Prenatal caffeine intake not linked to children's behavior

July 9, 2012
Prenatal caffeine intake not linked to children's behavior
Maternal prenatal caffeine intake is not associated with behavior problems in young children, according to a study published online July 9 in Pediatrics.

(HealthDay) -- Maternal prenatal caffeine intake is not associated with behavior problems in young children, according to a study published online July 9 in Pediatrics.

Eva M. Loomans, from Tilburg University in the Netherlands, and colleagues conducted a community-based multiethnic prospective study involving 8,202 women who self-reported their (coffee, caffeinated tea, and cola) around the 16th week of gestation. At age 5 to 6 years, 3,439 children had their behavior assessed by both mother and teacher using the Strengths and Difficulties Questionnaire. Analyses were adjusted for a range of confounding variables, including smoking and during pregnancy, maternal age, ethnicity, and education.

The researchers found that there was no correlation between caffeine intake and an increased risk for behavior problems or suboptimal prosocial behavior. There was no evidence of mediation by gestational age or , nor was there effect modification based on the child's gender.

"This study has provided insight into what extent during pregnancy contributes to the development of problem behavior," the authors write. "Our results did not provide evidence to advise pregnant women to reduce their caffeine intake to prevent problem behavior in their children."

Explore further: Coffee, caffeine not linked to psoriasis in U.S. women

More information: Abstract
Full Text (subscription or payment may be required)

Related Stories

Coffee, caffeine not linked to psoriasis in U.S. women

March 21, 2012
(HealthDay) -- Coffee and caffeine are not associated with psoriasis incidence after adjustment for smoking, according to a research letter published in the March issue of the Archives of Dermatology.

Genetic variants associated with caffeine intake identified

April 6, 2011
Two genes in which variation affects intake of caffeine, the most widely consumed stimulant in the world, have been discovered. A team of investigators from the National Cancer Institute, Harvard School of Public Health, ...

Can consuming caffeine while breastfeeding harm your baby?

February 21, 2012
Babies are not able to metabolize or excrete caffeine very well, so a breastfeeding mother's consumption of caffeine may lead to caffeine accumulation and symptoms such as wakefulness and irritability, according to an interview ...

Maternal caffeine intake doesn't affect infant sleep: study

April 2, 2012
(HealthDay) -- Heavy caffeine consumption by nursing mothers does not increase the number of nighttime awakenings in 3-month-old infants, according to a study published online April 2 in Pediatrics.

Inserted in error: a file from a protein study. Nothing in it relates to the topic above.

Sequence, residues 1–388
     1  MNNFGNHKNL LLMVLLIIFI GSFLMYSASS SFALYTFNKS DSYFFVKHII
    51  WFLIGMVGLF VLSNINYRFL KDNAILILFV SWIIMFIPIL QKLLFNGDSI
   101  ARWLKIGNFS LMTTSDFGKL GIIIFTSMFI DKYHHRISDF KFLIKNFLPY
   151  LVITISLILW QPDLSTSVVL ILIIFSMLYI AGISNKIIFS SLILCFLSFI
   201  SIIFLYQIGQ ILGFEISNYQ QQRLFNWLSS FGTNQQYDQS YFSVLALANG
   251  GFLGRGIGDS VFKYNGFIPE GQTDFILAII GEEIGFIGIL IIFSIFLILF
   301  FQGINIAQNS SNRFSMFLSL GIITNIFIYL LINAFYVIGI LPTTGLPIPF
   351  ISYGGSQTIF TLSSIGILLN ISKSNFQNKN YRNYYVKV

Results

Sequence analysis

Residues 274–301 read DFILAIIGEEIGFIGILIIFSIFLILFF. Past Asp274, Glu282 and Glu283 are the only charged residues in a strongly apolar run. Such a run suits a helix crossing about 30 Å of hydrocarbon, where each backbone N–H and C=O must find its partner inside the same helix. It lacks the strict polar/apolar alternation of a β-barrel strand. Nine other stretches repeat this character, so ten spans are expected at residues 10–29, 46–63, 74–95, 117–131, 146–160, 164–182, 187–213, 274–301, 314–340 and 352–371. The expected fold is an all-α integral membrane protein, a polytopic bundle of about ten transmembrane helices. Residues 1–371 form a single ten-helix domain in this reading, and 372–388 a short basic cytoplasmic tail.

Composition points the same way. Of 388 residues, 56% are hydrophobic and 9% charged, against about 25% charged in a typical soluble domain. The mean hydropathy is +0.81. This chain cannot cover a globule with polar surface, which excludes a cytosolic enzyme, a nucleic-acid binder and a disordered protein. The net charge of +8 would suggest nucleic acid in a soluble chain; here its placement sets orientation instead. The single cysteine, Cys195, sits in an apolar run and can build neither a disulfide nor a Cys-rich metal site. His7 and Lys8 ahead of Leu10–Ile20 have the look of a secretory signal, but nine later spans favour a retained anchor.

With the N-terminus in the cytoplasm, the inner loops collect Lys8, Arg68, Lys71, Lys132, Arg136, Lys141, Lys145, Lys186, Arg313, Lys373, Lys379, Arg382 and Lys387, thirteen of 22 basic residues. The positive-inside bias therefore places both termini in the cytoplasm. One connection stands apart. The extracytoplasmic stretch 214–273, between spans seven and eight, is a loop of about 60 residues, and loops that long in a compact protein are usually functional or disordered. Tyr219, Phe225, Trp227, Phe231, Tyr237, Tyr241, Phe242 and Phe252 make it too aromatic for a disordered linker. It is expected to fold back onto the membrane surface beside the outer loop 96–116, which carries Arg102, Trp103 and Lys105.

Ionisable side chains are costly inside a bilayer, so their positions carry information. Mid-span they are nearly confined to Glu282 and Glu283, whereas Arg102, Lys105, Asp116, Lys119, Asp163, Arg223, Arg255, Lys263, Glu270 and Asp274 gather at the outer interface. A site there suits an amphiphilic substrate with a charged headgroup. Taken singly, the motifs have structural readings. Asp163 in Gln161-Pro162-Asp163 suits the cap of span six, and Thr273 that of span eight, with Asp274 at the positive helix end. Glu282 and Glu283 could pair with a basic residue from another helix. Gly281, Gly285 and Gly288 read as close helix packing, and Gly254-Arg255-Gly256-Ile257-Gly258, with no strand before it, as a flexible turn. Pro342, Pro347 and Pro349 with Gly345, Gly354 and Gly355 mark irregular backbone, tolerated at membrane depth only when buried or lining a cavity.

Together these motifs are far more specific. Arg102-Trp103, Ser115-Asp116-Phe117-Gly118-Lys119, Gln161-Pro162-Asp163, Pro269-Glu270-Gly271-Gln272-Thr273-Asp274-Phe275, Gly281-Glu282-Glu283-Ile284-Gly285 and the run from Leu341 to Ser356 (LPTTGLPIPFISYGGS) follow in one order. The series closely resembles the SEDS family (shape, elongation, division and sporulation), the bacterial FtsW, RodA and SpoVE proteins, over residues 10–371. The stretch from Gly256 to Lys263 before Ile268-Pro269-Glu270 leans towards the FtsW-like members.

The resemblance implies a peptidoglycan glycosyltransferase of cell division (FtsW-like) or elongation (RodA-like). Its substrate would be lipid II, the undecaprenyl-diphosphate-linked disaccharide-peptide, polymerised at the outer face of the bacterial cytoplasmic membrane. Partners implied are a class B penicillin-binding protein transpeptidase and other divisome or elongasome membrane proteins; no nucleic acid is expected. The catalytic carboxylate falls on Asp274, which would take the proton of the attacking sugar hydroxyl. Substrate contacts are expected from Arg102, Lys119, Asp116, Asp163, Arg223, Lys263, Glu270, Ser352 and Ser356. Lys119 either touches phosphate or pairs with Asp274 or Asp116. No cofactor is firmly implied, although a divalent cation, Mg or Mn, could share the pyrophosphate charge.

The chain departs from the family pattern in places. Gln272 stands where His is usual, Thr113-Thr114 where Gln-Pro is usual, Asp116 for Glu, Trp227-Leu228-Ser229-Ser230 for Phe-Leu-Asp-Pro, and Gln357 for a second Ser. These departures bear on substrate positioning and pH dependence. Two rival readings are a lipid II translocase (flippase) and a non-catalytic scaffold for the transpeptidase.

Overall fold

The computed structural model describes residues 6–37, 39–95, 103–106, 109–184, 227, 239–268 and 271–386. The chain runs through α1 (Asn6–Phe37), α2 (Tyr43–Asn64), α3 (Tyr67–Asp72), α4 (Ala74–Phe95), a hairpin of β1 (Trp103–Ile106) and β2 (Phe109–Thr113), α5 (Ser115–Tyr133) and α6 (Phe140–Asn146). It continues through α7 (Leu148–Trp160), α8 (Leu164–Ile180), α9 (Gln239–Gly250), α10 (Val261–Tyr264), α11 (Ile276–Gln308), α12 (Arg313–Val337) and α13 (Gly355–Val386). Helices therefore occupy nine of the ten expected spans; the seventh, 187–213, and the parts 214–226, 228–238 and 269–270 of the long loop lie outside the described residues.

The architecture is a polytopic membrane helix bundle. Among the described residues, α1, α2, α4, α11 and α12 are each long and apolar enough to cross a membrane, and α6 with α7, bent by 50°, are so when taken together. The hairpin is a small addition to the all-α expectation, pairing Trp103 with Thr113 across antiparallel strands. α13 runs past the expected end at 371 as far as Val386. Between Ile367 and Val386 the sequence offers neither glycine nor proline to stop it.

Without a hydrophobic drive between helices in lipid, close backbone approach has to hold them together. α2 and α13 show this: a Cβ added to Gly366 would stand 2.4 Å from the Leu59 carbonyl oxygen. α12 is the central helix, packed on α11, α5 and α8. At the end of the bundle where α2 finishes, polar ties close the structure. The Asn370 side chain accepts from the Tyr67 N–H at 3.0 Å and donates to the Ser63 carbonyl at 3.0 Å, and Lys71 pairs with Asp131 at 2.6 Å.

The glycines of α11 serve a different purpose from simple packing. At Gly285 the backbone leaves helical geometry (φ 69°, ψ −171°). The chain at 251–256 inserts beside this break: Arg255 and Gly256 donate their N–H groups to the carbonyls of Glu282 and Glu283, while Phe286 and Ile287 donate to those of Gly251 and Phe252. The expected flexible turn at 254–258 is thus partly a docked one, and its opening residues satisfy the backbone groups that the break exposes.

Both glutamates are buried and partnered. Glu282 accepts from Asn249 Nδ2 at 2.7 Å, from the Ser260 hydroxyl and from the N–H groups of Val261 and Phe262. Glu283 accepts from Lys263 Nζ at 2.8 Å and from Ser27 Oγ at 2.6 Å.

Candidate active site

Recommended for you

Breastfed babies are less likely to have eczema as teenagers, study shows

November 13, 2017
Babies whose mothers had received support to breastfeed exclusively for a sustained period from birth have a 54% lower risk of eczema at the age of 16, a new study led by researchers from King's College London, Harvard University, ...

Obesity during pregnancy may lead directly to fetal overgrowth, study suggests

November 13, 2017
Obesity during pregnancy—independent of its health consequences such as diabetes—may account for the higher risk of giving birth to an atypically large infant, according to researchers at the National Institutes of Health. ...

Working to reduce brain injury in newborns

November 10, 2017
Research-clinicians at Children's National Health System led the first study to identify a promising treatment to reduce or prevent brain injury in newborns who have suffered hypoxia-ischemia, a serious complication in which ...

Why do some kids die under dental anesthesia?

November 9, 2017
Anesthesiologists call for more research into child deaths caused by dental anesthesia in an article published online by the journal Pediatrics.

Probability calculations—even babies can master it

November 3, 2017
One important feature of the brain is its ability to make generalisations based on sparse data. By learning regularities in our environment it can manage to guide our actions. As adults, we have therefore a vague understanding ...

Early childhood adversities linked to health problems in tweens, teens

October 30, 2017
Adverse experiences in childhood—such as the death of a parent, growing up in poverty, physical or sexual abuse, or having a parent with a psychiatric illness—have been associated with physical and mental health problems ...

0 comments

Please sign in to add a comment. Registration is free, and takes less than a minute. Read more

Click here to reset your password.
Sign in to get notified via email when new comments are made.